Grim_Noir Crosses Paths With… The Skull Man

The Skull Man DVD Case

Title: The Skull Man (DVD set)

Original Story: Shotaro Ishinomori

Series Composition: Yutaka Izubuchi

Director: Takeshi Mori

Animation Production: studio BONES

DVDs Produced By: Sentai Filmworks

Viewable at (*subtitled only)

Reviewed by Grim_Noir

When you find something in the discount bin, you usually think, “For five bucks, how bad could it be?” You don’t really mean “How bad could the DVD be?” you really mean, “How bad could that mental walk of shame, the next morning, be…?

Those were my thoughts, anyway, when I plonked the first platter into the ol’ DVD drive and fired up Episode One of The Skull Man.

Well, that episode (“City of the Dancing Mask”) knocked me on my butt. This was no MST3K mock-fest, this was a genuine masterpiece that had fallen through the cracks due to a bungled U.S. release.

Every culture has their own preferred format for Superheroes: Most of Middle America is comfortable with the Steroidal Boy Scout scenario (such as Superman or Captain America), India tends to follow the Joseph Campbell “Hero’s Journey” model, the U.K. cleaves to the “Only A-Holes Get Superpowers” scripture preached by Garth Ennis and Alan Moore. But the Japanese have always preferred their Superheroes to be misunderstood monsters.

Skull Man Cast

And right out of the gate, we see The Skull Man more as a monster than a heroic vigilante: Before the opening credits have even rolled, we’ve witnessed him straight-up murder a helpless young woman, fleeing in her nightgown into the pouring rain, as she cries for her life. When the credits roll, we are left grappling with the questions, “What the Frell just happened?” “THIS is our hero?” “What exactly is going on here?”

The opening theme itself has been controversial. The Japanese band Tokio, who performed the original music, refused to grant U.S. rights for the song Hikari no Machi (“City of Light”), so Sentai Filmworks created a more eerie and much more fitting opener. Visually, the re-made opening plays with the show’s themes of Shadow and Light, while the new audio is a mournful saxophone playing over a funeral dirge mutating into a pop song. Frankly, it really sets up what the show is about much better than the standard action show ditty that Tokio handed in. The “new” U.S. opener is off-kilter, haunting and grew on me like moss on an Antebellum column. (I know this is blasphemy to my fellow otaku, but someone needed to speak the Truth on this one.)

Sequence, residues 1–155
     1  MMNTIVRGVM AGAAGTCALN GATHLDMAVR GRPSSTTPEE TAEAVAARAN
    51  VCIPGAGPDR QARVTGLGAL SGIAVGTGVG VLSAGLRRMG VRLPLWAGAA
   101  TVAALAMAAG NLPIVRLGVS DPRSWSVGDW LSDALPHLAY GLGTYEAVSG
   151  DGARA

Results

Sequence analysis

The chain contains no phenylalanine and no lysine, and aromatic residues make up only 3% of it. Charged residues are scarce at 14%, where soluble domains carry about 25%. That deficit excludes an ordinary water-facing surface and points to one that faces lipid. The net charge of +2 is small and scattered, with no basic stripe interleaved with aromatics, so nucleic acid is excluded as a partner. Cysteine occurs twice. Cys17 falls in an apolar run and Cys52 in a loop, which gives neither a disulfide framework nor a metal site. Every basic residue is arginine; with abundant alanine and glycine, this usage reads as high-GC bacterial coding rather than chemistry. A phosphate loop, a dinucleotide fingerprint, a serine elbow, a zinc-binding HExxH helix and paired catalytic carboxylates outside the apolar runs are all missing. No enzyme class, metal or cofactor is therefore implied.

The story is deceptively anime-like: Struggling reporter Hayato Mikogami travels from Tokyo to his old hometown, Otome, to pursue a recent urban legend he has dubbed, “The Skull Man.” Trailed by teenaged photographer, Kiriko Mamiya, Hiyato does the Kolchak thing; doggedly pursuing the legend despite tight-lipped locals and official curfews. About a third of the way through this tale, Otomo becomes a character unto itself. In terms of secrets, corruption, conspiracies and lies, Otomo is placed squarely on the same literary map as Gotham City and Basin City.

But, Otome isn’t in our world. In the alternate universe of The Skull Man, The Great Asian War has divided Asia in two, including Japan. Travel from Tokyo to Otomo means passing through a DMZ and a checkpoint. Everything about this world is slightly gray and oppressive, including the ethics. After the ending, the question you are left asking is, “How Evil does someone have to become to fight true Evil?”

The Skull Man Logo

I want to use words like “Cinematic” or “Operatic.” I want to make comparisons to The Crow and The Phantom of the Opera. I want to mention other creators like Mike Grell, Sam Raimi and Howard Chaykin. While The Skull Man does encompass tropes from all of these areas, it is the skillful mixing and matching that makes this series so hypnotic.

Director Takeshi Mori has really done some spectacular work here. Even though this 2007 release is in color, the way he plays with light and dark (punctuated with fits of bloody red) evokes the great Black & White director, Fritz Lang. The soundscape is equally evocative. Never has the sound of a small bell tinkling created such a feeling of dread.

Ol' Grim Hisself* GRIM_NOIR is convinced that the internet a figment of his imagination. Please comment below and/or follow @Grim_Noir on Twitter to end his self-delusions.


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